There are some great political ideas that seem to circle endlessly as nothing more than ideas. Campaigns crop up and fade away, the ideas are rediscovered and a new movement starts. Sometimes they can tick along for decades waiting for the stars to align for them. The financial transaction tax is one such idea, finally getting its moment as European countries press ahead with their plans.
The land value tax is another revolutionary idea waiting to be picked up, a fundamentally sound idea that has got within a whisker of implementation in the past, but has been defeated by land-owning interests. The Georgists will get their moment eventually, and I was interested to see that George Monbiot has recently championed the land value tax.
He’s also been writing about the basic income, which may be about to move back into the limelight. This year a new campaign started to encourage the EU to look at a universal basic income, or citizen’s income. It’s something I’ve written about in the past, so I won’t into all the detail. In a nutshell, the basic income is an unconditional minimum income paid to every adult. It replaces benefits, ending poverty and guaranteeing everyone an economic safety net. Unpaid work such as child care is currently invisible in our economy, despite being absolutely vital, and a basic income would reward that.
The most common objection is that it would encourage people not to work, but it wouldn’t. A citizen’s income would only be the barest minimum. You’d be able to get by on it if you lost your job, but you’d have to make a lot of sacrifices to survive on it long term and it wouldn’t be an attractive option. It would actually eliminate the whole stupid strivers/skivers dichotomy that our politicians are so keen to encourage at the moment. Everyone gets a share in our communal wealth, unconditionally. Nobody is able to game the system and freeride on everyone else’s work, so those that work don’t need resent paying into the system.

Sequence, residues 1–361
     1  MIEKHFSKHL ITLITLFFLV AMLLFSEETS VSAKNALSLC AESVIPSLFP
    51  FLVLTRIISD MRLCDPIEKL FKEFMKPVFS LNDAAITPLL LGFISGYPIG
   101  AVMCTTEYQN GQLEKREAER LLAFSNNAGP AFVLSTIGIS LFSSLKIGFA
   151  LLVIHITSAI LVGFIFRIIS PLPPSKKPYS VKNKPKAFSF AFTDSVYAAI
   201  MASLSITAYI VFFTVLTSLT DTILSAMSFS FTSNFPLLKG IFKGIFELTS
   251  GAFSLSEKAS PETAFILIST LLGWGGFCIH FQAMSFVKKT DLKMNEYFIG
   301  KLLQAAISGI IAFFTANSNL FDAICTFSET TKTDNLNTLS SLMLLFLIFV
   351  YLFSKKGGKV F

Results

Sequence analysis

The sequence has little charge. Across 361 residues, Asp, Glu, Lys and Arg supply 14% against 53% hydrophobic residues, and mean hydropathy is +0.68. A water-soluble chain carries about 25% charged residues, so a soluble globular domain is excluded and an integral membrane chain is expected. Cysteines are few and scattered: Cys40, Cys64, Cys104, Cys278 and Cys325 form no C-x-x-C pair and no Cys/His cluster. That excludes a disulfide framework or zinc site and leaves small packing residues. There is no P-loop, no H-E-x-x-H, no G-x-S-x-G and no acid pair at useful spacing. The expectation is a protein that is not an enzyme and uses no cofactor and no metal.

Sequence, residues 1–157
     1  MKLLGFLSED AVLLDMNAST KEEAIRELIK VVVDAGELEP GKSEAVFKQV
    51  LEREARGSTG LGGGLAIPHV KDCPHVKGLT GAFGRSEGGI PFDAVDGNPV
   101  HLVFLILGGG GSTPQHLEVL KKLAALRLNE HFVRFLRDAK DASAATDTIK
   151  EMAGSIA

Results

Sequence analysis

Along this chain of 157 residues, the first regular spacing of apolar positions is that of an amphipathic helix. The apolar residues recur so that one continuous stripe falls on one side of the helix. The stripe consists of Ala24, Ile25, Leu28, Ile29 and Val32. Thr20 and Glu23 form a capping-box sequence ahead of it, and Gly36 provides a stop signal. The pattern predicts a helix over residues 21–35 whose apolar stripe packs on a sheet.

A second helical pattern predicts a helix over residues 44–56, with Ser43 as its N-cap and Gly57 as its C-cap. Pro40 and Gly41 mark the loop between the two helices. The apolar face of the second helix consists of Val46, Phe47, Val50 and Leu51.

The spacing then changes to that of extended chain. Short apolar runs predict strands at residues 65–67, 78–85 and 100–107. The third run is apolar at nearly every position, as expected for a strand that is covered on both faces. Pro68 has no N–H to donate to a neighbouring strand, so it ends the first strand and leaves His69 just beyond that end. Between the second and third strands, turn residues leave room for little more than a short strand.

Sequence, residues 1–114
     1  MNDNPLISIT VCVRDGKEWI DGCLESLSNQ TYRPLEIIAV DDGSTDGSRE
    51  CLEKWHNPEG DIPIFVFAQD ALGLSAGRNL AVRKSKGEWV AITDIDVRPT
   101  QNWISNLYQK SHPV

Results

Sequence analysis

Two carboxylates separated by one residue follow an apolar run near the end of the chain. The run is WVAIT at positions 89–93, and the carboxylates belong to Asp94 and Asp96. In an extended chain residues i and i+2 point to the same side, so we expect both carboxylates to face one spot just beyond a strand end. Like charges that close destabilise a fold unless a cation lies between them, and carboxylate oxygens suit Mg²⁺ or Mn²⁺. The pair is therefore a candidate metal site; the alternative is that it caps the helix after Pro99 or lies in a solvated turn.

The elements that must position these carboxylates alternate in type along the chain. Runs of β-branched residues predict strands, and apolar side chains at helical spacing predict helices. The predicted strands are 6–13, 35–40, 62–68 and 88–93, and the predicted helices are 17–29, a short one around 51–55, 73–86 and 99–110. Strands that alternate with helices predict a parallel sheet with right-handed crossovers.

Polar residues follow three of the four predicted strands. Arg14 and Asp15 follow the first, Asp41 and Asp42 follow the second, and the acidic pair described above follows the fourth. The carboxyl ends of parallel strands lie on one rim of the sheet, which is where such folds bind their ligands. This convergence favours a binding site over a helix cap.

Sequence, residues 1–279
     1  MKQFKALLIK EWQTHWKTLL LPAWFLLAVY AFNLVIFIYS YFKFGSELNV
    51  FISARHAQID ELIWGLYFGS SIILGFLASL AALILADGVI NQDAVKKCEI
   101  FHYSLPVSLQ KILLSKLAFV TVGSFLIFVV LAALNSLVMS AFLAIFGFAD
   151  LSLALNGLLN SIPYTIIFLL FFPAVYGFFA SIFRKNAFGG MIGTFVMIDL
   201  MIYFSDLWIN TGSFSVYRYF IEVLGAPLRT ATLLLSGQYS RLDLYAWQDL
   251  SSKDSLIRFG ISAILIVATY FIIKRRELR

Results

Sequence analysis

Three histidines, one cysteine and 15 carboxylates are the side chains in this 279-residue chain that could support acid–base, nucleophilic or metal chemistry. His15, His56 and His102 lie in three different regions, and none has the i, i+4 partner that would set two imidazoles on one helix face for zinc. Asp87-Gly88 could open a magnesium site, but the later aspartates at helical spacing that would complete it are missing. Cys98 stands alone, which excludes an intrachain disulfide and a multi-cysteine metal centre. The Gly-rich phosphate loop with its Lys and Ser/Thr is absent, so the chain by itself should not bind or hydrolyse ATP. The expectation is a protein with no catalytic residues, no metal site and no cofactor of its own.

How do you pay for such a thing? Well, for starters you’ve eliminated the majority of benefits and their administrative costs. That’s not enough on its own, but it gives you a good start. New money can be raised through carbon and other Pigovian taxes, and the aforementioned financial transaction tax. I don’t think it makes a whole lot of sense without a land tax to be honest, which once redistributed, really would be a share in our communal wealth. (A land value tax ideally replaces income tax – which is a fundamentally bad idea)
If you’re interested in seeing the idea of a basic income developed further, hop over and support the European Citizen’s Intiaitive for a Universal Basic Income. It needs a million signatures by January 2014 to move forward, and you’ll be in the first 25,ooo. Here’s their video. (Don’t ask me why it’s narrated with an American accent)